State-owned electricity producer Eskom is gearing up to implement philosophy maintenance as a centralised project across its unreliable coal fleet, where ongoing breakdowns have increased the risk of growth- and confidence-sapping load-shedding.
The utility’s board has given its approval for the project-based approach and has also sanctioned a material increase in the maintenance budget, the size of which has not yet been disclosed.
Experienced maintenance specialist Michiel Reimers, who previously worked for Sasol, has been appointed, as of March 1, to implement the project, which is being sponsored by CEO Andre de Ruyter.
A project steering committee, chaired by COO Jan Oberholzer, has also been established to oversee the implementation of the project.
In an exclusive interview Oberholzer tells Engineering News that the board has already sanctioned the centralised methodology for arresting the maintenance backlog across the coal fleet.
The board has also approved a “significant amount” of additional capital to support the project’s implementation.
“I am not in a position to disclose the figure, but it is a significant amount of money.”
The project, which has already been piloted at several units, will not be implemented during the 21-day Covid-19 lockdown, however, so as to keep the number of workers on site to a minimum.
In addition, several units have been removed from service during the period in response to a precipitous fall in demand of greater than 7 500 MW.
During low-demand night-time periods, South Africa’s electricity demand has fallen to about 16 000 MW and Eskom is experiencing peaks of less than 24 000 MW.
Besides shutting certain coal units, Eskom has also distributed force majeure notices to several renewable-energy independent power producers (IPPs) indicating that it could, over the coming weeks, curtail procurement from the IPPs for a few hours a day during low-demand periods.
EE Business Intelligence MD Chris Yelland reports that Eskom has given the assurance that the curtailment will not result in financial losses to IPPs, as any energy curtailed can be added back by the IPPs supplying more energy on other days.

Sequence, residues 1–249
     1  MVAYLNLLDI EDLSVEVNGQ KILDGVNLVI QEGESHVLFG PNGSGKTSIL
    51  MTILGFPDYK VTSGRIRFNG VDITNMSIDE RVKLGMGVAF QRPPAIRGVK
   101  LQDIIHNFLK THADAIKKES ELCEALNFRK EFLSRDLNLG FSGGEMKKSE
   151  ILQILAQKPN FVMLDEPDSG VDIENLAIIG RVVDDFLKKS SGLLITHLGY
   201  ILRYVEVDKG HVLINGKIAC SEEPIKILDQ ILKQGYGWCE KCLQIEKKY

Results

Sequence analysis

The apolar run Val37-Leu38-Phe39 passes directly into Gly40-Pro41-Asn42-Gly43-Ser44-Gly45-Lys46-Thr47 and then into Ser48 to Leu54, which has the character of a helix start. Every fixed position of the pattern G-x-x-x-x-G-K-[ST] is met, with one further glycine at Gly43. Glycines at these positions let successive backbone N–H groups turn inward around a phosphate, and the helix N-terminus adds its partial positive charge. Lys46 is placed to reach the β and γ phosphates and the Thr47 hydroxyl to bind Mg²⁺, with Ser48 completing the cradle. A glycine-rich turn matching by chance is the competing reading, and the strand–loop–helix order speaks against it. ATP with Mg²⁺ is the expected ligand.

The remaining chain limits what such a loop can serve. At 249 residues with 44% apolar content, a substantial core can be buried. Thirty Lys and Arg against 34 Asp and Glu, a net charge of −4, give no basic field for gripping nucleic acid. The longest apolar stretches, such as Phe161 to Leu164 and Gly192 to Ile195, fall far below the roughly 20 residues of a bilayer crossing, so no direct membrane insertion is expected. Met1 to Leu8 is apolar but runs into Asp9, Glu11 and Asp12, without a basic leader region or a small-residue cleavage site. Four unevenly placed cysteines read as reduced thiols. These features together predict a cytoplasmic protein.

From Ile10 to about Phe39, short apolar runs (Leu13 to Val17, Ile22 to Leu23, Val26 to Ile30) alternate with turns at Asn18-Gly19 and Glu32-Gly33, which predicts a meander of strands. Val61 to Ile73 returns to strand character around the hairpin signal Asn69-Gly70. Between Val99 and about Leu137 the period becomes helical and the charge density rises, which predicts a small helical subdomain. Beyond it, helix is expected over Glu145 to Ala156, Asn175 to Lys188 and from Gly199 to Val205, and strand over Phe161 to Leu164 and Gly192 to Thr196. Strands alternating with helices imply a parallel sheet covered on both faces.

During the lockdown, Eskom will apply “risk-based” maintenance and also continue with planned maintenance involving units with a combined capacity of 10 000 MW.
“We believe that, during this period of low demand, we will be able to address 2 000 MW of partial load losses with this risk-based methodology,” Oberholzer reports.
Eskom is also using the lockdown period to prepare for the full implementation of the philosophy-maintenance project, which, once demand normalises, is likely to increase the risk of load-shedding until July 2021.
This load-shedding risk will arise, owing to a strict adherence to maintenance schedules, which could result in demand exceeding supply on certain days.
Eskom is aiming to limit load-shedding to Stage 2 (2 000 MW) or lower for the coming 18 months, but it has already implemented higher stages since the start of the year as a result of high levels of unplanned outages.
The main features of the philosophy-maintenance project will include:
Maintaining power station equipment in line with the protocols outlined by the original equipment manufacturers (OEMs);
Adhering strictly to outage schedules, including extended outages for mid-life refurbishments;
Entering into long-term and risk-sharing partnership arrangements with the OEMs that supplied the equipment for the coal-fired power stations;
And securing National Treasury approval for strategies that would increase Eskom’s procurement agility, without undermining governance.
Oberholzer says negotiations are at an advanced stage with the OEMs that initially supplied the original boilers and turbines at the various power stations and that he is optimistic that partnering agreements will be in place by the end of April.
The agreements, which could have durations of up to ten years, will be implemented through Eskom’s Rotek subsidiary and a new COO, with significant construction experience, will be appointed at Rotek in the coming weeks to oversee the project.
The agreements will include “gain and pain” clauses, whereby the OEMs share in the upside and the downside of contract performance.
“So, we are really now focused on running this as a project with very experienced contractors, which we want to have as partners,” Oberholzer explains, stressing that all the OEMs have the black-economic empowerment credentials necessary for Eskom to engage their services.
“In our negotiations with OEMs we are also indicating to them which contractors have been performing maintenance for us in the past and are encouraging them to approach them to include them as subcontractors.”
Besides finalising the contracts with the OEMs, the current focus at Eskom is on completing the upfront planning required to transition the maintenance of the coal fleet from the operations and maintenance sphere to that of a centralised project.
As part of that effort, Reimers is currently conducting visits to all the power stations to “understand the lay of the land”.
As to why Eskom has not implemented philosophy maintenance during the demand lull created by the lockdown, Oberholzer says it would have been too risky to take a number of units out for a 60-day period, as there would have been no way of returning those units to service should demand rapidly normalise post the lockdown.
In addition, the travel restrictions make it impossible for the OEMs to bring in some of the critical skills they require from abroad to implement the contracts.
“That is why we took the decision to postpone the implementation of philosophy maintenance until after the lockdown.”